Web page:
After being with the second personality, I realized life felt slower, gentler, calmer. The frenzy had faded. Outcomes mattered less and the tenderness of each passing minute mattered more.
Later that evening, in the afterglow, arrived the image of dandelion wine, which comes from Ray Bradbury’s 1957 novel of that title set in Green Town, Illinois, and of the summer in which Douglas Spaulding, age 12, experiences through dandelions and all that goes with them the very wine of life.
As Bradbury put it in a 1975 introduction, “Dandelion Wine is nothing if it is not the boy-hid-in-the-man playing on the green grass of other Augusts in the midst of starting to grow up, grow old, and sense darkness waiting under the trees to seed the blood.”
And as part of telling of that boy growing up and old, Bradbury reports in one chapter, “The Lawns of Summer,” on this special grass, which I imagine creating perfect emerald lawns like the ones I walked by except for one more miracle: it grows to just the right height, then stops. Bill, Grandpa’s boarder, excitedly reports that he’ll plant the new grass and soon enough mowing will be done forever.
But Grandpa has this crazed notion that mowing grass and even pulling weeds can nurture the soul, can be, as he puts it, “a way of life.” The sound of lawn mowers and the smell of cut grass are gifts of being alive he wants never to lose. Not to mention that “a mess of dandelion greens is good eating once in a while” and that the bees will vanish as the high-tech grass kills off dandelions and clover.
He gets through to Bill. When Grandpa wakes from that afternoon’s nap, he hears the mower going again even though Bill had just cut the lawn that morning while anticipating the day the magic grass would put an end to all that. When Grandpa questions Bill, wondering if the sun has addled him, Bill just joyfully grins through a spray of green.
As I headed for retreat in Arizona’s Verde Valley, words of Eastern Mennonite Seminary colleague Linda Alley, insights honed as spiritual director, still rang: “I imagine it as a pilgrimage—the journey itself will teach you and not necessarily the destination. And . . . as every pilgrim comes back changed and brings gifts . . . , you will also. . . . I wish for you many holy moments.”
What happened? Three factors stand out:
First, during retreat, around when the Washington Post (Paul Schwartzman, March 6, 2016) said psychologists and massage therapists report client panic over apocalyptic election scenarios, a loved one called to process such anxiety. What, we pondered, is our hope if this really happens?
Montezuma Well provided one complex response. A spring has long fed this near-lake. Its waters probably originally fell on the Mogollon Ridge far above and miles away 10,000 years ago. Eventually the Well drew people, their cliff houses dating back a thousand years still visible in the rim. The water exits into a channel built perhaps by the Hohokam, who irrigated 60 acres of crops. The National Forest Service says that “For many cultures, Montezuma Well is . . . sacred. . . . a place of power, not to be visited lightly. . . .”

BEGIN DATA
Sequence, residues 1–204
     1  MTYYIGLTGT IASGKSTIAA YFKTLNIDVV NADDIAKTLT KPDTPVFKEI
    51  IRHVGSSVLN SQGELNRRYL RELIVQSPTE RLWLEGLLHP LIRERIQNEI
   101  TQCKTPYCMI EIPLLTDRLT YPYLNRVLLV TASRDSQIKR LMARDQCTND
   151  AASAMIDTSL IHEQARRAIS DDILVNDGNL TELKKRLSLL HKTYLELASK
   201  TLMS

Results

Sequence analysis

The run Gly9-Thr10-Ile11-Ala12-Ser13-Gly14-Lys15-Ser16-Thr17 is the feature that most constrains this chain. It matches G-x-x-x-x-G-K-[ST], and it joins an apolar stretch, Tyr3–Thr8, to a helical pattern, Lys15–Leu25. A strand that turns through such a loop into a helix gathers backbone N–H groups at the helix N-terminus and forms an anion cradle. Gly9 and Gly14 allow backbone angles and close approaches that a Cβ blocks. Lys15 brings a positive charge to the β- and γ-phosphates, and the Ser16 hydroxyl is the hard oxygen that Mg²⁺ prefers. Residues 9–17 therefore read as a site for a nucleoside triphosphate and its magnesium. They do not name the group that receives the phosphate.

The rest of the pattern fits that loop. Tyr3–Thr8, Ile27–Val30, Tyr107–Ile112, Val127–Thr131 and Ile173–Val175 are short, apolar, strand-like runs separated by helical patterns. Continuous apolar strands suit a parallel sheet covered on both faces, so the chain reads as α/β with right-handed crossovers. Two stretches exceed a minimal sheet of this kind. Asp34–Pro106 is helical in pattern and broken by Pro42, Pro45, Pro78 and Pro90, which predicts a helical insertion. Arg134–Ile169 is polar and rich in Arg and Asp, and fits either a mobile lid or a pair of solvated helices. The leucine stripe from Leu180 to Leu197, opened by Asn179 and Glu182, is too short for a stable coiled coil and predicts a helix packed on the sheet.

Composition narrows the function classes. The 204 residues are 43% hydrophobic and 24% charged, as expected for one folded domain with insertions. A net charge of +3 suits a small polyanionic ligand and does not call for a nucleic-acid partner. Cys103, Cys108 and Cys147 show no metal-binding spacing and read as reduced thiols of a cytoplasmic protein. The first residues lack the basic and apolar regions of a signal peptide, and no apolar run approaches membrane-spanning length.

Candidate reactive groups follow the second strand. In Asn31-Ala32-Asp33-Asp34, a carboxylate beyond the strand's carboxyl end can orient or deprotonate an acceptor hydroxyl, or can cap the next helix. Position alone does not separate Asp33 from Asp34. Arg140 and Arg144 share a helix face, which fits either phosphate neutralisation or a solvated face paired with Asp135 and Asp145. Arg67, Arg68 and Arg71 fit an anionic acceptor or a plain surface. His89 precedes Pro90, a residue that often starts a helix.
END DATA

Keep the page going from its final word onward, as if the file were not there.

Almost forever, as known human history goes, that spring has fed that well. Now there I was, drawing hope from being alive in this moment, grateful to learn from prior journeyers. Complicating hope was that the cliff houses are empty. The Europeans who eventually arrived didn’t totally destroy the beauty and bounty, but local mesquite trees adapted to almost no rain are threatened as humans lower the water table.
Any hope for our own future will need to thread through the possibility that our culture is already shaping the ruins future civilizations will visit.
From Arizona I traveled into a second factor, politics juxtaposed with the convention of the National Council for Behavioral Health, Joan’s employer. I attended awards evening just as primary election results arrived. Often winning: being biggest, baddest, boldest; urging torture, war crimes, racism, xenophobia.
Although Christian language wasn’t explicit, awards in contrast celebrated serving, in effect, “the least of these,” those facing mental and behavioral challenges.
The climactic award went to a sheriff who talked down from suicide persons preparing to leap from the bridge he monitored. Though that was heroic enough, a standing ovation supported his naming his own depression and his walk with a suicide-tempted son.
Then in a few final Verde Valley hours, I showed Joan my places of pilgrimage. At Sycamore Community Park, she reacted as I had. Through a sometimes worn and dusty town (near tourist-ridden Sedona but entirely different) runs Beaver Creek, lined by ordinary houses, running under an ordinary bridge. Yet it carries the outflow of Montezuma Well. So in its ordinariness Beaver Creek bears millennia of hopes dashed and raised, cultures vanishing and rising.
“But it’s like the Branch,” Joan said.
Precisely. Creeks transposed and viewed from certain angles, only details would have told us which was which. Two-fold holiness: first, this site offered our souls a path into the holy. Second, it reminded that in our own ordinary lives there is, a quick walk from home, holiness as well.
The world does seem to teeter near apocalypse. We don’t know how much will die before resurrection. But I’m grateful for what Linda helped me see along the way.